Vehicle Wrap of the Day: Palmer Signs Unveils Beastly VW Beetle for Desert Racing

Graphics overlaid on matte-black film

From its initial worldwide launch in 1938, the Volkswagen Type 1, affectionately referred to as the Beetle, has gained a tremendous worldwide following. According to the car’s Wikipedia listing, the more than 21 million Beetles produced established a world record for the most cars produced with a single design (the last Type 1 rolled off the line in Puebla, Mexico, in 2003). The Beetle’s air-cooled engine made an unmistakable, high-pitched squeal, and it was the hip car of 1960s counterculture. (The first vehicle I remember is my father’s bright-orange 1972 Beetle with black, vinyl upholstery that, in summer, sometimes required a spatula and Crisco to extricate my legs from the sticky surface.)
Desert Dingo Racing took the Beetle’s granola-munching, tree-hugging image and stuck it on its ear. The Northern California-based racing team outfitted a 1970 VW Beetle for Valley Offroad Racing Assn.’s Class 11 (stock Beetles) competitions and rebirthed it as “FrankenBeetle”. The cars race over short-track and desert courses, and are only allowed roll cages and minor engine and suspension modifications.
They wanted to protect the vehicle surface, while giving the car a fierce personality and plugs for its sponsors. To create the wrap, they enlisted Palmer Signs (Roseville, CA) to shroud the FrankenBeetle for battle. According to Palmer Signs designer Justin “Juice” Lee, the shop has been wrapping vehicles for 15 years, and they represent approximately half of its business. Desert Dingo provided the car-ID and sponsor logos for the vehicle, which co-designer and shop owner Tony Palmer tweaked to contrast well over flat-black media using a combination of SA Intl.’s FlexiSign®, CADlink’s SignLab® and Adobe Photoshop® software.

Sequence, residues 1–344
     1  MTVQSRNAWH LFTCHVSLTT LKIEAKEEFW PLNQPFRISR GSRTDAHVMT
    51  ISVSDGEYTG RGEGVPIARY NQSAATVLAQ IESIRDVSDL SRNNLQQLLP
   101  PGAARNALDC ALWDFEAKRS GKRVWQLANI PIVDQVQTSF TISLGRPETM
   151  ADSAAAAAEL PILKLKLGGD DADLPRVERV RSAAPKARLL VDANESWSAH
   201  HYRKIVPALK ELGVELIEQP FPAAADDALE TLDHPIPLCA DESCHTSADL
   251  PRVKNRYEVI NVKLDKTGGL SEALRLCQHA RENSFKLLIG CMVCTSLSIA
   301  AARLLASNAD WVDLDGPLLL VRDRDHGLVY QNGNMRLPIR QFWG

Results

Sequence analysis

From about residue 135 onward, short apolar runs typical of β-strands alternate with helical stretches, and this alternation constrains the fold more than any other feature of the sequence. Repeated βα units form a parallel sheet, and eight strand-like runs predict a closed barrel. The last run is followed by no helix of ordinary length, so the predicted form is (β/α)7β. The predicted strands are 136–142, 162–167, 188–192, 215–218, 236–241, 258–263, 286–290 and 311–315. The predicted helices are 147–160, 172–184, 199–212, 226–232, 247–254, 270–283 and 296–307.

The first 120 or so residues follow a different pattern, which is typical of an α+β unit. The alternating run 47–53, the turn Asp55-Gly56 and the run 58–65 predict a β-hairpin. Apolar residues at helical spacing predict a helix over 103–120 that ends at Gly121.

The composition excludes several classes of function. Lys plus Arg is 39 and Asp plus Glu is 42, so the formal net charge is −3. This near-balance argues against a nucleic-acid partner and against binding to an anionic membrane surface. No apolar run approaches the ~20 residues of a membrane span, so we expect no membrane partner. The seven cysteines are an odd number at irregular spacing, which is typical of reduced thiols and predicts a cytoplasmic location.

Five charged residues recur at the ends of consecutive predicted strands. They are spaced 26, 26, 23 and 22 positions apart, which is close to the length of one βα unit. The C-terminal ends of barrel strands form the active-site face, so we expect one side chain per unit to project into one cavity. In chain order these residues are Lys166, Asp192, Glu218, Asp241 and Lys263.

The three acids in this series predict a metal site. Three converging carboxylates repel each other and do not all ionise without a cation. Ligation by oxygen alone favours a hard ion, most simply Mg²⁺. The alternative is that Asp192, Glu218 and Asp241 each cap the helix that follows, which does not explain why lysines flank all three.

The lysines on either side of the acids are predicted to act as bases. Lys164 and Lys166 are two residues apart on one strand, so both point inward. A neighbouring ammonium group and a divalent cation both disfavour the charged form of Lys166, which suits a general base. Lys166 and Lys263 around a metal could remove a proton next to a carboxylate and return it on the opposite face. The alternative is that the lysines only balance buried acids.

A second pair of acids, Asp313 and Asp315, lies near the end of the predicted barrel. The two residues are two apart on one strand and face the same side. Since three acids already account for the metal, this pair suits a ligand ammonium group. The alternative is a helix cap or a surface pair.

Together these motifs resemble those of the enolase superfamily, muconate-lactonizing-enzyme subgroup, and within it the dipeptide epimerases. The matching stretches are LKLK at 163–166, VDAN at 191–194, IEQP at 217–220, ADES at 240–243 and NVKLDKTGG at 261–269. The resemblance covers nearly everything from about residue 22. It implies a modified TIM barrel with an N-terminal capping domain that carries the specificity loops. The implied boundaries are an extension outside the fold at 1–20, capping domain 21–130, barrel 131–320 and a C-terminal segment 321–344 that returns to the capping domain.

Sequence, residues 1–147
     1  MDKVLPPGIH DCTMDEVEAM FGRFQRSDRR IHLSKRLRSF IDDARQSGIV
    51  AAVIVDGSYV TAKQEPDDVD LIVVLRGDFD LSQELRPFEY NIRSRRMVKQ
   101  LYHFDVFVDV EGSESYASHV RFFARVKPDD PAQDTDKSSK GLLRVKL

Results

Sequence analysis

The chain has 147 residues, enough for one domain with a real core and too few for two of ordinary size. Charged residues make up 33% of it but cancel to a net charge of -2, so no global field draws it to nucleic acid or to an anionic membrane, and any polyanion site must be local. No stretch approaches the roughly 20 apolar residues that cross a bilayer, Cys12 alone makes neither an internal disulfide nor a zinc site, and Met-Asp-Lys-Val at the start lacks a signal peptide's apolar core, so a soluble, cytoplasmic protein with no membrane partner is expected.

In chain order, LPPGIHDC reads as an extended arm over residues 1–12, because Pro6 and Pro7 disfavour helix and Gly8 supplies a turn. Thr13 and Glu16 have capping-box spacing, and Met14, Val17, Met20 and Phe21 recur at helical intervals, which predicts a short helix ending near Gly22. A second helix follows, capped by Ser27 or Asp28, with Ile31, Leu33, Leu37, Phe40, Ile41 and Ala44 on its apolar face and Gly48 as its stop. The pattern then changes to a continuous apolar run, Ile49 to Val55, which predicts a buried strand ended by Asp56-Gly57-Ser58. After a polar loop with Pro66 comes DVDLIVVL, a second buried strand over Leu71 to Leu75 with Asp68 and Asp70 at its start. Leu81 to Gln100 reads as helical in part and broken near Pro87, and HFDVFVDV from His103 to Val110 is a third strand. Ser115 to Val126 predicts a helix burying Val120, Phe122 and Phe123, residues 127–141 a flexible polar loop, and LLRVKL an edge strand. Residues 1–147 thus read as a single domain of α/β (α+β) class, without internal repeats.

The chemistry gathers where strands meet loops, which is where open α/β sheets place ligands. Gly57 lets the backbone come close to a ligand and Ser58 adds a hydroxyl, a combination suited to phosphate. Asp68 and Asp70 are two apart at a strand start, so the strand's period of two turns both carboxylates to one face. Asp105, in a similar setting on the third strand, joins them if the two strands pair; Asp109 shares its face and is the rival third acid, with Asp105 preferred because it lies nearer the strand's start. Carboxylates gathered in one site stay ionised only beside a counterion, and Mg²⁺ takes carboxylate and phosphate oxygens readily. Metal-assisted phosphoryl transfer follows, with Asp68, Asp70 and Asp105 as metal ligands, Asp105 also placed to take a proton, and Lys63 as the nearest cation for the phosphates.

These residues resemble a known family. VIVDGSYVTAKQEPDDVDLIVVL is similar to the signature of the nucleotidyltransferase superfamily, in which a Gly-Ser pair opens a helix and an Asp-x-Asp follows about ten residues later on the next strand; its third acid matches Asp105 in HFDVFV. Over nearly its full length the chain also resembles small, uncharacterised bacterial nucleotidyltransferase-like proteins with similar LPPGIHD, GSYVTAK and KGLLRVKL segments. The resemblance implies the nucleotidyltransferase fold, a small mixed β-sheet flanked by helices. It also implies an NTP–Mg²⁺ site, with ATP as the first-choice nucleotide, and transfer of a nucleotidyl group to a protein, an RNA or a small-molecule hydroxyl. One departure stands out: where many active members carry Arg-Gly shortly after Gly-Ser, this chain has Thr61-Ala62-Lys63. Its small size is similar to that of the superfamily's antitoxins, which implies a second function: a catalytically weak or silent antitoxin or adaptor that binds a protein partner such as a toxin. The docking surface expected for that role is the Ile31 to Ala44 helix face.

“The driver, Brian Wallentine, contacted us a few years ago about wrapping one of their racecar shrouds in camouflage film,” he said. “No one else would do it. Since then, we’ve been his go-to shop.”
Palmer Signs wrapped the vehicle in 3M’s Scotchprint 1080 Matte Black wrap film, which the company produced on a Mimaki CG-130FX vinyl-cutting plotter. The overlaid graphics were printed on 3M Controltac IJ180-10C air-release vinyl with a Mimaki JV-33 solvent-ink printer, and protected for runs on off-road terrain with 3M Scotchcal 8518 glossy overlaminate applied with a Royal Sovereign RSC-1650HR heat-pressure laminator.
Given FrankenBeetle’s grueling racing conditions in the Baja Desert, its paint job arrived in roughshod condition. A thorough degreaser scrub and denatured-alcohol wipedown were required. Palmer Signs wrapped each individual body part with the 1080 material with Yellotools magnets, propane torches
and heatguns, and economy-grade squeegees.
“Dealing with the dents and paint scratches was quite a challenge,” Lee said. “The Matte Black material, because of its gloss-free finish, was great for concealing surface imperfections.”